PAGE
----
136,000 WV STUDENTS COULD LOSE FREE LUNCH-BREAKFAST – Calhoun Ranks 43rd In Children’s Well Being Among 55 Counties

West Virginia does not fare well
in the well-being of children

136,000 WV school students that receive free breakfast and lunch through the Community Eligibility Provision program, if changes are made to House Bill 5003, will no longer meet the requirements of the program, leaving some families to pay for meals in the future.

Under the current CEP program schools with 40 percent of children who qualify for free meals, offer free meals to all attendees.

This week the US House Education and Workforce Committee is considered a proposal to raise the current eligibility threshold to 60 percent.

Calhoun Schools will not likely be affected since 73% of its students fall under the needy category.

According to the newly released KIDS COUNT® Data Book from the Annie. E. Casey Foundation, there are 13,000 more West Virginia kids living in poverty than there were in 2008.

That number represents more than one in every four (or 27 percent) of the state’s entire child population.

“West Virginia has done an amazing job of implementing community eligibility. As a result if this bill were to take affect over 400 schools in West Virginia would no longer be able to operate community eligibility and it would impact about 136,000 children,” said Crystal FitzSimons, Director of School and Out-of-School Time Programs at the Food Research & Action Center in DC.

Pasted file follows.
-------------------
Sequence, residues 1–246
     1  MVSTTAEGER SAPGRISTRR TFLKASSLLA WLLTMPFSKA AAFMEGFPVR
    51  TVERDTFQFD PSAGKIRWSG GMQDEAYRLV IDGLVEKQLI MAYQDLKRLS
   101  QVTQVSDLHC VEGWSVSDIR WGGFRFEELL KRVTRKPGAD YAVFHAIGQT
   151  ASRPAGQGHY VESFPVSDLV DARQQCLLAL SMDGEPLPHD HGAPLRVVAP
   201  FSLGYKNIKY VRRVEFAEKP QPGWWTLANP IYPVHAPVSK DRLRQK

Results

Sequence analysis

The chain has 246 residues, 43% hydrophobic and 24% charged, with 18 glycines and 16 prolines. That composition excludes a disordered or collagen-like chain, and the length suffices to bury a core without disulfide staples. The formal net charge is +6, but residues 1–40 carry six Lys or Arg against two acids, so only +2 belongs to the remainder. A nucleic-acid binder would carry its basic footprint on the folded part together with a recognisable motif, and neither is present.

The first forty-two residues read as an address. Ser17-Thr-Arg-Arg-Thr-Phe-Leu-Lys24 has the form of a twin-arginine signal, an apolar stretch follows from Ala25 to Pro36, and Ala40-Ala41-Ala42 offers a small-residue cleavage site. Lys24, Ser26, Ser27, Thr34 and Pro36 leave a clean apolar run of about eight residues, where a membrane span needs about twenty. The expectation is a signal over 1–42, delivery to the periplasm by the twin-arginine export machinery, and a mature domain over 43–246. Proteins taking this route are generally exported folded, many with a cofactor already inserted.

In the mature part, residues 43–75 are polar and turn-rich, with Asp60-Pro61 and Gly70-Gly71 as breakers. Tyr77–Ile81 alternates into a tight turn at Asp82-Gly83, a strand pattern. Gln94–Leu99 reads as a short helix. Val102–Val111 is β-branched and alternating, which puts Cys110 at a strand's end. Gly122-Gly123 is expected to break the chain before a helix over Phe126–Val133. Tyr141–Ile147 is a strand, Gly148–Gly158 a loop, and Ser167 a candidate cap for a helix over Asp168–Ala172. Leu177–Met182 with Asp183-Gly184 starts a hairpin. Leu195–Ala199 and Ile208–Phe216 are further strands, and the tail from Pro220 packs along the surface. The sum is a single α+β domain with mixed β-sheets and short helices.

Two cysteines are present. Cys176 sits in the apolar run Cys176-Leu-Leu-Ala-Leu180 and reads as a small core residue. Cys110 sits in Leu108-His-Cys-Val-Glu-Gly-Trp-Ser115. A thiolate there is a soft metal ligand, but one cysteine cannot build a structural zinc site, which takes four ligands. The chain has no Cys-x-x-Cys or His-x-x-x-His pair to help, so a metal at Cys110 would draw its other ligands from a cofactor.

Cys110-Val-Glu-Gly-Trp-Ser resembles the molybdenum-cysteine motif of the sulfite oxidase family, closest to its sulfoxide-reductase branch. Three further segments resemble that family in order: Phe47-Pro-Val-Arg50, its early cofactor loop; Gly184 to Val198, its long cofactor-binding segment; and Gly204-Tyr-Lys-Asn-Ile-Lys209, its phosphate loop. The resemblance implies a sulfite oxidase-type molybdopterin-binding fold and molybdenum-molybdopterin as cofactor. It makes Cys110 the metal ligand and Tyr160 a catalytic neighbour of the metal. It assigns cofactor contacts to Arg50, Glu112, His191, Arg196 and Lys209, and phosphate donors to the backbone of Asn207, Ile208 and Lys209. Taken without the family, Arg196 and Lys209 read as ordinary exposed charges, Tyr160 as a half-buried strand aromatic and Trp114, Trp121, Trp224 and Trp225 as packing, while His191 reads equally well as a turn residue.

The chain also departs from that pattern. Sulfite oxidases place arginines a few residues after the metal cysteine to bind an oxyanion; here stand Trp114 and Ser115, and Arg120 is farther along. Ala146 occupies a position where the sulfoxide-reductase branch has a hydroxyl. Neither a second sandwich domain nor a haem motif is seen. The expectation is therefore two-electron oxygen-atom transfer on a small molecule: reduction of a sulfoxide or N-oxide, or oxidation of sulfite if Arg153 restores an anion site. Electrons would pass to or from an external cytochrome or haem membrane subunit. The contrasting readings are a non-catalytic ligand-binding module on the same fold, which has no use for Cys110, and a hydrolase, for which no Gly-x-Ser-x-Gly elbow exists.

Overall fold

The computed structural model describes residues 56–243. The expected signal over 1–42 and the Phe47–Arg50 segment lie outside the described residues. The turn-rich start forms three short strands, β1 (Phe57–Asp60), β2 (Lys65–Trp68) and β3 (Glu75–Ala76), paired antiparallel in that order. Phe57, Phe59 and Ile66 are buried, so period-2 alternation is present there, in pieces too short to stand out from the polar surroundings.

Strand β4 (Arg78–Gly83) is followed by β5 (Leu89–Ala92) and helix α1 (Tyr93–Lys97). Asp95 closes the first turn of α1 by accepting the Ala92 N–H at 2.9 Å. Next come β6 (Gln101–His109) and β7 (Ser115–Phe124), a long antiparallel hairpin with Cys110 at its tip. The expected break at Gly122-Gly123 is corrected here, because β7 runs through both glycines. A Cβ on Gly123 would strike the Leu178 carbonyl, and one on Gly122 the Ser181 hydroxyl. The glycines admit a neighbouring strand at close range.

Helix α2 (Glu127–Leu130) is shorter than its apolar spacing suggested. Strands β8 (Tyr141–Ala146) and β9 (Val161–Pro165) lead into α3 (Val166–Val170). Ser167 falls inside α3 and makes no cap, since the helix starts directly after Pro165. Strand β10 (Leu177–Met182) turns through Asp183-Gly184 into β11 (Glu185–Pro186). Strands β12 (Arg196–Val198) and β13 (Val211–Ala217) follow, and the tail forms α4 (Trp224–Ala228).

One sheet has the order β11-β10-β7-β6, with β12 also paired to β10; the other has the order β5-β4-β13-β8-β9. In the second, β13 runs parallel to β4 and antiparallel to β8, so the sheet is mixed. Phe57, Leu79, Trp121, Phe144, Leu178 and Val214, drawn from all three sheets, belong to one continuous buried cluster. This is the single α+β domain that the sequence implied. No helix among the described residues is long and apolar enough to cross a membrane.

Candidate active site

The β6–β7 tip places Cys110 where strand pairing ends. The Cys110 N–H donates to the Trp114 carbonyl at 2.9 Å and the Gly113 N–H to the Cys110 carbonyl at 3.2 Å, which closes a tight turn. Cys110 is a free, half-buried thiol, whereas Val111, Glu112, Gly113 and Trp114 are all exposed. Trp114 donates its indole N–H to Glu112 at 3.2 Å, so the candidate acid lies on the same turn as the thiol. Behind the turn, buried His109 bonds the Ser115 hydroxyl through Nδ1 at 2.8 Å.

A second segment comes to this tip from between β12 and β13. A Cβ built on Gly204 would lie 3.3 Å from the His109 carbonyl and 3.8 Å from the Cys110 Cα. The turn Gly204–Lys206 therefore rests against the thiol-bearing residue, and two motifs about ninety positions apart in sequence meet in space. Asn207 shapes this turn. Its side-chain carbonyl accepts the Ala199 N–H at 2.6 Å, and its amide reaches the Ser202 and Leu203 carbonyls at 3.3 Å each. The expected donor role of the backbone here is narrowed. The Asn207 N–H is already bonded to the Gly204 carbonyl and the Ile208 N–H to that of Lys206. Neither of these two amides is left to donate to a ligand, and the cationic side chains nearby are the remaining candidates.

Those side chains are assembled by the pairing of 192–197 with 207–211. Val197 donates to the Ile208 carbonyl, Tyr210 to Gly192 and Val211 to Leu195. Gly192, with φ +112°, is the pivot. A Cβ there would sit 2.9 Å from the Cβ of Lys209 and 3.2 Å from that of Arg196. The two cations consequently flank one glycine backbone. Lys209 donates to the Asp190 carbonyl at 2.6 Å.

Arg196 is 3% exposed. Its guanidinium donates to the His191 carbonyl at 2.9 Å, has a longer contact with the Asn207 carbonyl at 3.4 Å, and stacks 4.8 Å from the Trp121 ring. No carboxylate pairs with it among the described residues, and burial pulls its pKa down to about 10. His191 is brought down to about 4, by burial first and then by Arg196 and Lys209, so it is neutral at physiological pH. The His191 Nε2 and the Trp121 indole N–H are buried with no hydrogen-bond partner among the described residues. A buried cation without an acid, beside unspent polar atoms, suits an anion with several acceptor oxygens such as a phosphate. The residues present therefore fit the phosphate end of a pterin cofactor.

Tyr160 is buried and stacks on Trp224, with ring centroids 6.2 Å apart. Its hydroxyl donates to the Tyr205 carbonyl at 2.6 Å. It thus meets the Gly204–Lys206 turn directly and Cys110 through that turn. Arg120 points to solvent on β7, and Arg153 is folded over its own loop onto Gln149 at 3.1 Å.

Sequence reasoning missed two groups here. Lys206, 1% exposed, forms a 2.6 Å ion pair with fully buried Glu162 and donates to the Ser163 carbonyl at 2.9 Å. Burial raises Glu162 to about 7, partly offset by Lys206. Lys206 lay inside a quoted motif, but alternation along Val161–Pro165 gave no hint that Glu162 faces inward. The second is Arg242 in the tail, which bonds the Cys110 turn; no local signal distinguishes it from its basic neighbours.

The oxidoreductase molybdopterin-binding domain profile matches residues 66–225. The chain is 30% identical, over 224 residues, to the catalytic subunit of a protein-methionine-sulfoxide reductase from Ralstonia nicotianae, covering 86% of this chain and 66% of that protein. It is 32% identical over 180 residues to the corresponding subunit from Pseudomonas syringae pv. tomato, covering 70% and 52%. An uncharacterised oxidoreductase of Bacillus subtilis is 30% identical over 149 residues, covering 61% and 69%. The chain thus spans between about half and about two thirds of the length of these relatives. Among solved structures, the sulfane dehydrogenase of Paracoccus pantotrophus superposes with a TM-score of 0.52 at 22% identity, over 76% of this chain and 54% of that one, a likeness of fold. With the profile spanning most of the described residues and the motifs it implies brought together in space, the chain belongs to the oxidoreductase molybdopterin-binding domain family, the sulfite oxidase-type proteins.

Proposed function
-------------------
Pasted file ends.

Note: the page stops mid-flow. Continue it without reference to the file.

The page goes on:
Previously, including Calhoun, parents who would not or could not pay school breakfast and lunch bills were taken to magistrate court to induce payment.

In WV nearly a 24 percent average of children are living in poverty and over 400,000 are on food assistance.

In Calhoun, according to Kids Count, the number of children living in poverty is 26.3%, down from a few years ago.

Overall, according to Kids Count’s well-being factors, Calhoun County ranks at 43 in the 55 counties.

Experts say the CEP program has allowed for children facing food insecurity to perform better in school and to avoid the stigma that accompanies free meals. One local official says passing the bill would stifle that progress.